Early in the 1980s Bert got the chance to work with Jan Santman. Jan, who learnt the trade with Max Möller in Amsterdam, had during the 1970s set up as an independent violin maker in Beilen in Drenthe, close to Vries, the village where Bert was born. He encouraged Bert to widen his horizons and to search for a workplace abroad, particularly in France. There, he said, you will learn to combine craftsmanship with speed of production. Even though Bert didn’t spend all that much time with Jan, Jan’s influence on his career was considerable.
Bert found just such a workplace with Jean-Jacques Pagès. (For many years Jean-Jacques himself had worked for Etienne Vatelot in Paris, before starting his own workshop in Mirecourt). Between early 1986 and the end of 1988 Bert immersed himself in the French tradition of violin making that is so famous throughout the world. After three years it was once again time to move on.
Bert’s preference for Early Music and historical string instruments led him to Reinhard Ossenbrunner. In 1989 Bert was given the chance to become his apprentice. The years that followed proved exceptionally fruitful ones during which he definitively fell in love with Early Music and everything associated with it. Above all the Viol family became his great passion. In less than three years Reinhardt prepared him, firstly in Altwistedt (near Bremen) and later in Cologne, to start his own business as an independent viol maker.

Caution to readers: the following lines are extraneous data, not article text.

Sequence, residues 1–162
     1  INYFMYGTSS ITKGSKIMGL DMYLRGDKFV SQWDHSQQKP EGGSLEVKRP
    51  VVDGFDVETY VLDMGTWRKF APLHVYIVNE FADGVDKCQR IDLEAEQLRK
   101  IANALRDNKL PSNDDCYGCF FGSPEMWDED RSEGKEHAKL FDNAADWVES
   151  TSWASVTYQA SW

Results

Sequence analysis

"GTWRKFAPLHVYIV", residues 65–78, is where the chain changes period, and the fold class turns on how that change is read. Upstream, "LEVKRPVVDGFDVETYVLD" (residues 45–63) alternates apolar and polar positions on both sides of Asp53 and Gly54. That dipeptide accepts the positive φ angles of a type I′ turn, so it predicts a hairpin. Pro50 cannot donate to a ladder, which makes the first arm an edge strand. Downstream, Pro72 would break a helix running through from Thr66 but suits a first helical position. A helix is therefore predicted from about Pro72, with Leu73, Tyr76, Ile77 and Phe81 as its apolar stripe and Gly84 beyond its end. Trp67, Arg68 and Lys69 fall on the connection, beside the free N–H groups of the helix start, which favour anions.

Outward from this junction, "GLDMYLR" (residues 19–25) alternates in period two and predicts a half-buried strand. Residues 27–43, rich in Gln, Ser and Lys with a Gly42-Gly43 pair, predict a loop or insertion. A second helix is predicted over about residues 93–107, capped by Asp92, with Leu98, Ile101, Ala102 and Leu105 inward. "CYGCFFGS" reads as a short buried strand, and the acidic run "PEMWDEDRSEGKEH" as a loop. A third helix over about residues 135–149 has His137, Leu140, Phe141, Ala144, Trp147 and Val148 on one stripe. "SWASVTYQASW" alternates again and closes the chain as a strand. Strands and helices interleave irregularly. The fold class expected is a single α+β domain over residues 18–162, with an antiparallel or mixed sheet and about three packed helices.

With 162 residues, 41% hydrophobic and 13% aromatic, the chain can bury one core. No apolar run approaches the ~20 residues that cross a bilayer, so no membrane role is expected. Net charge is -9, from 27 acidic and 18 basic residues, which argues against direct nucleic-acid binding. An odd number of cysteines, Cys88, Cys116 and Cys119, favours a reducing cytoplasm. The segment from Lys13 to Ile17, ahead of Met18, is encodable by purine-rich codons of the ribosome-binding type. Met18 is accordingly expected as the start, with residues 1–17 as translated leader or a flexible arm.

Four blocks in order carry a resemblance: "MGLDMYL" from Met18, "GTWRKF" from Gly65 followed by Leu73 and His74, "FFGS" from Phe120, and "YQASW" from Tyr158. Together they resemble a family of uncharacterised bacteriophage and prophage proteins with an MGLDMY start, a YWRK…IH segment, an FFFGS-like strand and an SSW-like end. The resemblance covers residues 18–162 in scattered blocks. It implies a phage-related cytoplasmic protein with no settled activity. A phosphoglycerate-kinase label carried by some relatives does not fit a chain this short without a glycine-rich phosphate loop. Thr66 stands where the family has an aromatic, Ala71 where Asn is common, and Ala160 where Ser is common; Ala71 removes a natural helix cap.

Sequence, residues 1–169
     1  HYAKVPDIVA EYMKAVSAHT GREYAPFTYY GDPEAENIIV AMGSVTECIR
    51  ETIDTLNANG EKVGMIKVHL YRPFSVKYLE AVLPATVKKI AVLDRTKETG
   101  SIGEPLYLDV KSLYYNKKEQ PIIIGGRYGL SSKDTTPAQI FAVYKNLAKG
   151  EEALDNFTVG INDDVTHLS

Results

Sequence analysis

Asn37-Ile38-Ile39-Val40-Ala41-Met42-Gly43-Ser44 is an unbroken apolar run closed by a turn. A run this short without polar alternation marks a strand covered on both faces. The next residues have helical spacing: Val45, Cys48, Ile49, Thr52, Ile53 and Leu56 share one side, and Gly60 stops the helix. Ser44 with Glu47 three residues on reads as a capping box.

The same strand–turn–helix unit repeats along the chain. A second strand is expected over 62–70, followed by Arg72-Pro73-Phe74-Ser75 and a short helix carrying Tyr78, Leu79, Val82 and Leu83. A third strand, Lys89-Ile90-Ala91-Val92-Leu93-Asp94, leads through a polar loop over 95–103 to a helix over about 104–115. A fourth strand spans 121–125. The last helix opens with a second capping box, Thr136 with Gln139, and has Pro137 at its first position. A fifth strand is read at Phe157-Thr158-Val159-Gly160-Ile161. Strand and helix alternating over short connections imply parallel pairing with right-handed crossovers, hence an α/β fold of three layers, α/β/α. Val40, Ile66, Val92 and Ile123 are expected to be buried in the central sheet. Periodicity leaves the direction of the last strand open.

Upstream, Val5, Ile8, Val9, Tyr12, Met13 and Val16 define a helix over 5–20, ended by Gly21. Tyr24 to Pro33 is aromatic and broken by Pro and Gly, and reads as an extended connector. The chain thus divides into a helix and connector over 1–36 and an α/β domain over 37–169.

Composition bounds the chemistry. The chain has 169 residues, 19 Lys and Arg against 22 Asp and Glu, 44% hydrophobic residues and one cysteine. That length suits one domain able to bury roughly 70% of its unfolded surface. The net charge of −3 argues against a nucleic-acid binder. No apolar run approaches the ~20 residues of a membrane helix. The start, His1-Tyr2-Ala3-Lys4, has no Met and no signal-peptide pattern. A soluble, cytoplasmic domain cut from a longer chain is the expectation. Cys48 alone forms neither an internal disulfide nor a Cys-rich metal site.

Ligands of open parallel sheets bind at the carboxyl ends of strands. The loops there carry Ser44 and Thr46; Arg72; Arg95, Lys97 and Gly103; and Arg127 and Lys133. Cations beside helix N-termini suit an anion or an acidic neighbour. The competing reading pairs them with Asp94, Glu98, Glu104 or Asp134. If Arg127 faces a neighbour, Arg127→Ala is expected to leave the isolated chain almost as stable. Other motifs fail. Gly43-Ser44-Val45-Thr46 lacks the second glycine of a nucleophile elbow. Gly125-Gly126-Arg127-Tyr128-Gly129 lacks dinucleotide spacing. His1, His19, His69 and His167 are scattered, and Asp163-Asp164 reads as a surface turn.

Bert opened the doors of his workshop in 1991. Since then many instruments have found their way into the hands of enthusiastic musicians, both amateur and professional.
By studying and measuring many instruments in museums and private collections, Bert has been able to develop his own style as a maker. This enables him, within the given historical parameters, to translate your wishes concerning timbre and playability into an instrument tailored to the customer.
This will of course be in close consultation with Bert, whose own ideas and preferences play an important role within the co-operation between maker and customer.
The result will be an instrument that respects both the individual wishes of the player and the maker’s vision.